We’re almost through with the year now, and in many ways, I’ve found my routine. I know how early I need to wake up to get to the school I volunteer at and be my best self. I know how early I need to wake up to get to the school on time (the times are dramatically different). I treat myself to lattes and ice cream (OK, OK I might be a regular) from time to time. I have a gym membership and try to go with some semblance of frequency (I am not a regular). In many ways, life here is shockingly similar to life back home.
Despite the similarities, the differences also ring clear. Missing from my routine this year is a key relationship — Netflix. Yes, that’s right. Prior to leaving the U.S. I cancelled my Netflix and Hulu accounts and got a free Overdrive account instead (although I did break down and use my mom’s account to watch the newest season of “Grace and Frankie;” Lily Tomlin is a national treasure). It was a hard decision, but Netflix and Hulu do try to stay in touch. They email regularly. They ask if I want to come back. They are persistent.
But, one of my goals this year was to read more and boob tube less, and so, here I am, behind on “Broadchurch” and having never seen “13 Reasons Why.” Instead, here’s a list of books I’ve read while waiting to have Netflix once again:
Hamilton, Ron Chernow
A Problem from Hell, Samantha Power
Wages of Rebellion, Chris Hedges
Sex Object, Jessica Valenti
The Book, Alan Watts
The War for God, Karen Armstrong
The New Jim Crow, Michelle Alexander
Bad Feminist, Roxanne Gay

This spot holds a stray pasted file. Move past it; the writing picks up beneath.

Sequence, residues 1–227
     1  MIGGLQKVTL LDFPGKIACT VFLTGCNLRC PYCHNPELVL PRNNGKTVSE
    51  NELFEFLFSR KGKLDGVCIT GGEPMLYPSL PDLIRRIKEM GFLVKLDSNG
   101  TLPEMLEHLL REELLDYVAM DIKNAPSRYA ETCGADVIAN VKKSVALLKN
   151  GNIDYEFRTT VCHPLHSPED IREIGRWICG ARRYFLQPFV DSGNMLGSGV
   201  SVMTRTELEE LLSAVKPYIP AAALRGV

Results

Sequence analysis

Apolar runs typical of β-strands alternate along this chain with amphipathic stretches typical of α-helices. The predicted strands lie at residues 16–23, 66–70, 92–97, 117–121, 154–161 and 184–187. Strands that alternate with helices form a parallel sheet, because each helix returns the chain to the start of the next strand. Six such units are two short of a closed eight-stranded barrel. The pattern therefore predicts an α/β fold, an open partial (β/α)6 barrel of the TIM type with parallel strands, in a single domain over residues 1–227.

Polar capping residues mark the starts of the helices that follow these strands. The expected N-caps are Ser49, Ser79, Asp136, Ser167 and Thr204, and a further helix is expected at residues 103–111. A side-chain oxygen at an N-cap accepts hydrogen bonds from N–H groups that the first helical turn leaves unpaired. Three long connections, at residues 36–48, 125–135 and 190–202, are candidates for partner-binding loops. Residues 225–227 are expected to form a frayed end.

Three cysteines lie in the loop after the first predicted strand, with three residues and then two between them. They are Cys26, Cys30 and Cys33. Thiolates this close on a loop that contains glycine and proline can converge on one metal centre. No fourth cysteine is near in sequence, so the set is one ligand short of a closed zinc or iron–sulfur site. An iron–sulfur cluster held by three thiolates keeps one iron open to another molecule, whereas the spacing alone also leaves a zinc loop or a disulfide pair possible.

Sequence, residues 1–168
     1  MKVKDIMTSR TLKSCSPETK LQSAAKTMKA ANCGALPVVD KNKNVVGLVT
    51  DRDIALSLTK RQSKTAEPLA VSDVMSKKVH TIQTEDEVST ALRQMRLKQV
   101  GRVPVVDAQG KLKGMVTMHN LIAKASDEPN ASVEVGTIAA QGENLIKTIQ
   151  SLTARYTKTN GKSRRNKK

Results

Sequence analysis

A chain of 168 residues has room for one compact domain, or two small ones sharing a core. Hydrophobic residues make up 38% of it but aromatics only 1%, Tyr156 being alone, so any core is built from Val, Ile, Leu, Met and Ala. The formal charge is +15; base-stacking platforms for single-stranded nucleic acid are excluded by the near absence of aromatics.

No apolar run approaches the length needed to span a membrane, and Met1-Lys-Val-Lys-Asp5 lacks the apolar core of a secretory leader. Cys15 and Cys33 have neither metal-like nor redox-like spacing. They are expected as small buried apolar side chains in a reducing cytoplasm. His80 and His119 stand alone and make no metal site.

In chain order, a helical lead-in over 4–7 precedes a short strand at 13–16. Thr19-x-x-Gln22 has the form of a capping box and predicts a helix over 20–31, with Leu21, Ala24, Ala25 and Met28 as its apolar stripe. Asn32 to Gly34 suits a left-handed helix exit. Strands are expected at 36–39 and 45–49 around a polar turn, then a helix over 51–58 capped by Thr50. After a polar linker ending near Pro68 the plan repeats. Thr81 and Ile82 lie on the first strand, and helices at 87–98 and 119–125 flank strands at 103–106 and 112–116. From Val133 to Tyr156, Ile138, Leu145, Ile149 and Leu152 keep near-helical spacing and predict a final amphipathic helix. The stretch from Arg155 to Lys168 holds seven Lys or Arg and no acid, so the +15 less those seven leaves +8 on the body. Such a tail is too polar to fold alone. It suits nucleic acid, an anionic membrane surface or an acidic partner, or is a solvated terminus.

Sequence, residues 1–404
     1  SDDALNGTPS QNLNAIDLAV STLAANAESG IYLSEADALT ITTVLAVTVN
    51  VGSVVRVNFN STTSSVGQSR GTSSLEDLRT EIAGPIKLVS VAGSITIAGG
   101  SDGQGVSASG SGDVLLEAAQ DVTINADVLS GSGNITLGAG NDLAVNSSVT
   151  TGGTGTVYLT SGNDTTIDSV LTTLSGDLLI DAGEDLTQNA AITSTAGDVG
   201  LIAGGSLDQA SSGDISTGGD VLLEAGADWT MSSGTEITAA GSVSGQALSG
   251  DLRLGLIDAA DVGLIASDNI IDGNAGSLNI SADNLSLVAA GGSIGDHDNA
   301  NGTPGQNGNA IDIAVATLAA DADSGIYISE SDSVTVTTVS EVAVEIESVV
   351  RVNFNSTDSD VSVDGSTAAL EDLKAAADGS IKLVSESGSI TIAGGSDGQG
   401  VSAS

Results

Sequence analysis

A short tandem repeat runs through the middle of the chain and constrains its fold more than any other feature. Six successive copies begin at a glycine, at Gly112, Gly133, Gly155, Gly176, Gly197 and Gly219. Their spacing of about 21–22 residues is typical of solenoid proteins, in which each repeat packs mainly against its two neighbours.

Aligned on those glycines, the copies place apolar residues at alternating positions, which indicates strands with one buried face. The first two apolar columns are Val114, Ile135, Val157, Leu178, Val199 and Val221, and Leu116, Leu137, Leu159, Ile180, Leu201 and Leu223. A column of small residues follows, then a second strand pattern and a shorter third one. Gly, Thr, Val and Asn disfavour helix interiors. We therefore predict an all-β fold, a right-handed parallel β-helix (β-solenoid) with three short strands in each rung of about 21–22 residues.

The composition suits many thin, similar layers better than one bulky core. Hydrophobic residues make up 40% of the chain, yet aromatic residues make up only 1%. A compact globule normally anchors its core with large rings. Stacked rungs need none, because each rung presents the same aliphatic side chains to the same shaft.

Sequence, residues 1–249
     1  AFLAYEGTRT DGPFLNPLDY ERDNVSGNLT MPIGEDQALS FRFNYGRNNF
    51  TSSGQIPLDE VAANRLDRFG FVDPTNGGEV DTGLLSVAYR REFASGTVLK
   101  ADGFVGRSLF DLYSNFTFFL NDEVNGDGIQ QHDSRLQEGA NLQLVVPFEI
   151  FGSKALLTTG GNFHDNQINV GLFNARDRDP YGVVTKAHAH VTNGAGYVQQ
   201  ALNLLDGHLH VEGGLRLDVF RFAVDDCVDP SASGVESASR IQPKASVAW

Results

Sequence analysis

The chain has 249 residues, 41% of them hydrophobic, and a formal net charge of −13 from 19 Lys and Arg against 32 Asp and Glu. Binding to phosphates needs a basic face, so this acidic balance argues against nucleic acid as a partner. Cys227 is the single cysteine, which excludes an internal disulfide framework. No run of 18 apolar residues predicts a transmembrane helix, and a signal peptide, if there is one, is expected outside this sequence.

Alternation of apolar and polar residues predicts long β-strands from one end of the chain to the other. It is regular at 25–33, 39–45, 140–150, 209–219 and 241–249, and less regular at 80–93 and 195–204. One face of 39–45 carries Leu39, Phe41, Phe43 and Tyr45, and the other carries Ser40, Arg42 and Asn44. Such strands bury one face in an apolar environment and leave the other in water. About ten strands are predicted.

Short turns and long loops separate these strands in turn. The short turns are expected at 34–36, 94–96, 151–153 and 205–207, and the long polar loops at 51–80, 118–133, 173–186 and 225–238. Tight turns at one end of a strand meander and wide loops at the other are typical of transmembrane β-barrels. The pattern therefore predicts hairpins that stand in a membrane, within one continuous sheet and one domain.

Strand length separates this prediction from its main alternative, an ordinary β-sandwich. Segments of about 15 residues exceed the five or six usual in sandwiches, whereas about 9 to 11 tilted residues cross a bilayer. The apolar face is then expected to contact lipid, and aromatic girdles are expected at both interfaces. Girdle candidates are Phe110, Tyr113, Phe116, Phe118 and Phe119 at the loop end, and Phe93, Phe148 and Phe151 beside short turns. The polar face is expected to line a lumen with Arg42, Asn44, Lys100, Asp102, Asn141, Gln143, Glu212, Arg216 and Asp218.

Lolita, Vladimir Nabokov
Israel/Palestine, Alan Dowty
King Leopold’s Ghost, Adam Hochschild
Gone Girl, Gillian Flynn
I Know Why the Caged Bird Sings, Maya Angelou
The Social Animal, David Brooks
Just Mercy, Bryan Stevenson
Into the Wild, Jon Krakauer
Notorious RBG, Irin Carmon and Shana Knizhnik
Faith in the Face of Empire, Mitri Raheb
Between the World and Me, Ta-Nehisi Coates
Accidental Saints, Nadia Bolz-Weber
Blood at the Root: A racial cleansing in America, Patrick Phillips
Pastrix, Nadia Bolz-Weber
Whiskey Tango Foxtrot, Kim Barker
Rant, Chuck Palahniuk
Grief is the Thing with Feathers, Max Porter
A Portrait of the Artist as a Young Man, James Joyce
Sister Outsider, Audre Lorde
When Breath Becomes Air, Paul Kalanithi
We still have about a month left, so if you have any book suggestions or prayers for my emotional well-being as I continue to work through this self-induced deprivation, both would be appreciated.
At sunrise on Good Friday, the Jerusalem/West Bank volunteers and I gathered in Jerusalem to commemorate Jesus’ crucifixion by tracing his steps through Jerusalem’s Old City along a path that is known as the Via Dolorosa or “The Way of the Cross.”
This past weekend, I participated in the Palestine Marathon in Bethlehem, running my first half marathon race. The race calls for the right to movement for all people, a right that is not available to many of the people I care about here in the Holy Land.